Showing related content to your users is important. I don’t think there’s anyone disputing that (at least not that I’m listening to). The real question is “how?” How can you show your user good related content without adding a ton of extra work for yourself? This is where related posts plugins come into play.
There are a lot of options out there. So many that it’s quite time consuming to try them all until you find one that suits you. Two of my favorites are WordPress Related Posts and Yet Another Related Posts Plugin (YARPP). Yarpp gives you more control over how matches are made, but for that very reason it’s also less efficient. Joost de Valk referred to it as a “heavy plugin” in his article on Optimizing WordPress database performance, and it definitely is. WordPress Related Posts is far more efficient, but offers you a little less control over how matches are made. Unfortunately they share the same problem.
So what is this problem? They all find matches to a post in the front end rather than the back end. They do it when a user views a specific post, rather than when a post is created or modified. On a brand new site I launched, which has only 7 posts, we’ve received roughly 2000 pageviews. That’s pretty low, but lets take a look at it. About 700 of those visits were to the home page and about 1300 were to single post pages. If you only show related posts on single post pages (which is how we currently do it) then the related posts plugin has been run over 1300 times for only 7 posts, which is roughly 185 times per post! If I were to show related posts for each post on the front page then it would have run another 4000 times (which is a conservative estimate), bringing it to 757 times per post. If you think this seems excessive, lets take a look at the stats for Web Developer News. It has had over 13,500 page views in the last 30 days. About 750 were to the home page, about 140 were to other static pages, roughly 550 were to tag pages, and another 250 were to miscellaneous pages such as search pages. That leaves 11,810 visits to single post pages and 21 posts during that same time. That’s about 562 times per post! If I added related posts to the home page, tag pages, and search pages it would need to be run roughly another 15,000 or 1,276 times per post.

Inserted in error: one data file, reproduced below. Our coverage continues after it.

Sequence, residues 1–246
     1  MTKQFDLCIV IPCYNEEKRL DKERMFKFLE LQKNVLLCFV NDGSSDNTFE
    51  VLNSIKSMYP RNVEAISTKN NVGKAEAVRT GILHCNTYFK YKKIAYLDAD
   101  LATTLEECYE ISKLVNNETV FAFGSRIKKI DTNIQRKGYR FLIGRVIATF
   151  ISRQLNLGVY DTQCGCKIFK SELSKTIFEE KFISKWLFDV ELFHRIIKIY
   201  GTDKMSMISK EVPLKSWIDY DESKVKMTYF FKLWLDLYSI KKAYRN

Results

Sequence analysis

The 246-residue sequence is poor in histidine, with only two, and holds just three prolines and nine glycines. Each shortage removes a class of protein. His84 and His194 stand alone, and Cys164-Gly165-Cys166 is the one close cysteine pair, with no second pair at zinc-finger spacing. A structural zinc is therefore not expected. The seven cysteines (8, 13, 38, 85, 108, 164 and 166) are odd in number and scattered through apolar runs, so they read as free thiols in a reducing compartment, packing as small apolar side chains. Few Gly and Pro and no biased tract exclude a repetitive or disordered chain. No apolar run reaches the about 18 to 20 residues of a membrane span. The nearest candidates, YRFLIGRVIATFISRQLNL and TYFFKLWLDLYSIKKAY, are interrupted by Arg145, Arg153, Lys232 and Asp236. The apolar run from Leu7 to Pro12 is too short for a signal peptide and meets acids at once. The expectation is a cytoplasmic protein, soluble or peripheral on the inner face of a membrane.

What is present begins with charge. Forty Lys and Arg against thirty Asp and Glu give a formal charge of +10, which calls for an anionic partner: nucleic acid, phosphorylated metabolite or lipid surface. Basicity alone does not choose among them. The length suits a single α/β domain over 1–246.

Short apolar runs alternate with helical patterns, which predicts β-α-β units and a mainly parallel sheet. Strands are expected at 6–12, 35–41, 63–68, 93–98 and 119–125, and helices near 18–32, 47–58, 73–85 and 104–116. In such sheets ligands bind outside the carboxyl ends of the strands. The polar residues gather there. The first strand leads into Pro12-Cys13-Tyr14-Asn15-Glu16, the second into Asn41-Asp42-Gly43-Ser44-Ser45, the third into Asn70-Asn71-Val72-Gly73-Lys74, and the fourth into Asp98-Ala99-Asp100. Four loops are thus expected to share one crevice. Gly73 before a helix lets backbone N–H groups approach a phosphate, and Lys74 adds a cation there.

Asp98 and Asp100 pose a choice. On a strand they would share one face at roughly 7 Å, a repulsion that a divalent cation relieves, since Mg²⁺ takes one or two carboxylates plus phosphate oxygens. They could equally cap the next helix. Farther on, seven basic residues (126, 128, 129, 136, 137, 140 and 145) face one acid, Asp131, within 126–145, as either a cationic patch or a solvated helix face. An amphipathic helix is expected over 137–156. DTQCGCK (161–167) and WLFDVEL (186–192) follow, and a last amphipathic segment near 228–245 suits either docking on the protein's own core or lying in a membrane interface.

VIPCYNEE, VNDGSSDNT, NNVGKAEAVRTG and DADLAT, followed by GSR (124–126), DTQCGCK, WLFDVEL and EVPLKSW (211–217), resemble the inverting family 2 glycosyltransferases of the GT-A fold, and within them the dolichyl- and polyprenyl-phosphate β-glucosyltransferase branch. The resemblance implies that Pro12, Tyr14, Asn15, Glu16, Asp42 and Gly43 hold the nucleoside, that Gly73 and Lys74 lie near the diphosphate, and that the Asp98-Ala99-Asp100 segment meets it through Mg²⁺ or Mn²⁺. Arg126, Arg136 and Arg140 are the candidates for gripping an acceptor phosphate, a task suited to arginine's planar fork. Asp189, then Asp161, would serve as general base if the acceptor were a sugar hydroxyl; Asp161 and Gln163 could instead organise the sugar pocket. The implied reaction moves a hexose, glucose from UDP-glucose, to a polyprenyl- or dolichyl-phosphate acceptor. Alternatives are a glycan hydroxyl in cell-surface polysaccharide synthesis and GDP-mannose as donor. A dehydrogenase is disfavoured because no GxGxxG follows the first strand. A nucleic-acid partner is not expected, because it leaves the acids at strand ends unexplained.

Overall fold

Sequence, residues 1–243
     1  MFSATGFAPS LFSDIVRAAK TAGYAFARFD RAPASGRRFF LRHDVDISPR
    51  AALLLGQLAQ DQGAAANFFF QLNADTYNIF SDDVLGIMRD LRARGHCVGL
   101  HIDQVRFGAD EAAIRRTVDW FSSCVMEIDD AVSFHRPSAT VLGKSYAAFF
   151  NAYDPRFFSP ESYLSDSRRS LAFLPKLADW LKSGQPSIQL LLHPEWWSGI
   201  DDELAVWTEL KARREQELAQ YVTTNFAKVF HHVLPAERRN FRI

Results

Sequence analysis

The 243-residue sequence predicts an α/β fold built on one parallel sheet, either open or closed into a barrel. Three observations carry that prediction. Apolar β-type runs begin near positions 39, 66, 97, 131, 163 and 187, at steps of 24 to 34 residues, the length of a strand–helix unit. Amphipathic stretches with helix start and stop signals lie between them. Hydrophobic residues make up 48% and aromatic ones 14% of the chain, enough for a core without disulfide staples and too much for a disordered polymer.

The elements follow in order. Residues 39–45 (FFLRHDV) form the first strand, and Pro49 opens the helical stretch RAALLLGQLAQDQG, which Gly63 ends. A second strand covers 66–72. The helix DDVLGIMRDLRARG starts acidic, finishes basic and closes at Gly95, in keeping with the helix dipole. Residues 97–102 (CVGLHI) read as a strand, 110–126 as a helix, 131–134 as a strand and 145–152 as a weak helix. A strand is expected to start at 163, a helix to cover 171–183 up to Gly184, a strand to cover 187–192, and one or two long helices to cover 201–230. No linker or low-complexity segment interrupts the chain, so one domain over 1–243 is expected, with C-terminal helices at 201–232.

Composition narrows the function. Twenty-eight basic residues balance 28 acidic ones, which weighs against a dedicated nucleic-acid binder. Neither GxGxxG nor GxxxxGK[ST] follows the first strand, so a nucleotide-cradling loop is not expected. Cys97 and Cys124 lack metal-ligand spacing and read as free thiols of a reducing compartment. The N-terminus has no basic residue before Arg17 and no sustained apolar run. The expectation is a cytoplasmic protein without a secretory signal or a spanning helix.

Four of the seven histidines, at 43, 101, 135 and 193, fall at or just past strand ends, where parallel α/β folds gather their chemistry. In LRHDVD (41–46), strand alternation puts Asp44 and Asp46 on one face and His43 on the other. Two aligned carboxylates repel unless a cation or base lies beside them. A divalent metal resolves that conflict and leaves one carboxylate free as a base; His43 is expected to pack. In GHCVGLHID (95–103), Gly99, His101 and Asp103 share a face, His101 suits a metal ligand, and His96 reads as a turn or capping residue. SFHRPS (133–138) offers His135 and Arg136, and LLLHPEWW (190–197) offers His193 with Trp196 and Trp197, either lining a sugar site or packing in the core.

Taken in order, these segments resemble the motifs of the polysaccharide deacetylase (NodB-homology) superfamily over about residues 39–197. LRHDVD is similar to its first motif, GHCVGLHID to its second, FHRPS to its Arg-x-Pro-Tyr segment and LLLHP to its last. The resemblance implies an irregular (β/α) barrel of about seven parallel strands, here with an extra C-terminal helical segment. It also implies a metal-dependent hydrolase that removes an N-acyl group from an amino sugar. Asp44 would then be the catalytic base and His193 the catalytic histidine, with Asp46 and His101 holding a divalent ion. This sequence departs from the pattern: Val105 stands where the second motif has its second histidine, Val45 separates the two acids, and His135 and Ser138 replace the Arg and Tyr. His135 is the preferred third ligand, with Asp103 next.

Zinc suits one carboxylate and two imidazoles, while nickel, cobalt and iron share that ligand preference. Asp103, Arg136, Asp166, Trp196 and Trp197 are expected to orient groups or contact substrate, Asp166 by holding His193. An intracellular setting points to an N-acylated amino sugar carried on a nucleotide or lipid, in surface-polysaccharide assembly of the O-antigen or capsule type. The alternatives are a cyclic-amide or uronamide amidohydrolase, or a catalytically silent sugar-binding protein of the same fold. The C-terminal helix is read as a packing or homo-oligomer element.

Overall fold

In addition to the simple waste of memory and cpu cycles, putting the calculation of related posts on the front end means that when they start to slow down your users are left with a bad experience and slow loading pages. And they will slow down eventually, if your site gets big enough. I just recently worked on a site with more than 6,000 posts and over 1,800 tags (they offer investing advice, and have a lot of tags that correspond to ticker symbols). At that point, some of the related posts queries were taking 10 seconds to run. That’s really show. We can do better than that right? Well it’s not easy but I think we can.
I would always prefer that I (or my content creators) have to wait, rather than make my users wait. So, the logical solution would be to match related posts when a post is saved, and store them in the post’s meta data. Simple and solved right? Wrong. If that’s all you did, then posts would only ever be related to posts older than themselves. This would mean that part two of a series would likely relate to part one, but part one would never relate to part two. We solved the speed issue, but we took a huge hit in functionality. However, a plugin that I’ve developed and am testing takes it farther than that. When a post is saved, it’s related posts are saved, but all possible related posts are spidered and checked to see if they need to have new matches calculated for them.
For extremely large sites, the plugin still causes delays when you save a post. However, better you than your user. If you’re interested in using this plugin, I’ll be releasing it soon and I’ll add a link to it here when I do ((Efficient Related Posts)). However, for now I need a name for it! I originally called it Related Posts – High Volume because it was meant to fix issues on high-volume sites. However, since it can apply to almost any site, I’m looking for an inspired name that really lets people know what it can do. You can leave any ideas you have in the comment here or send them via twitter to @aaroncampbell or @wpinformer.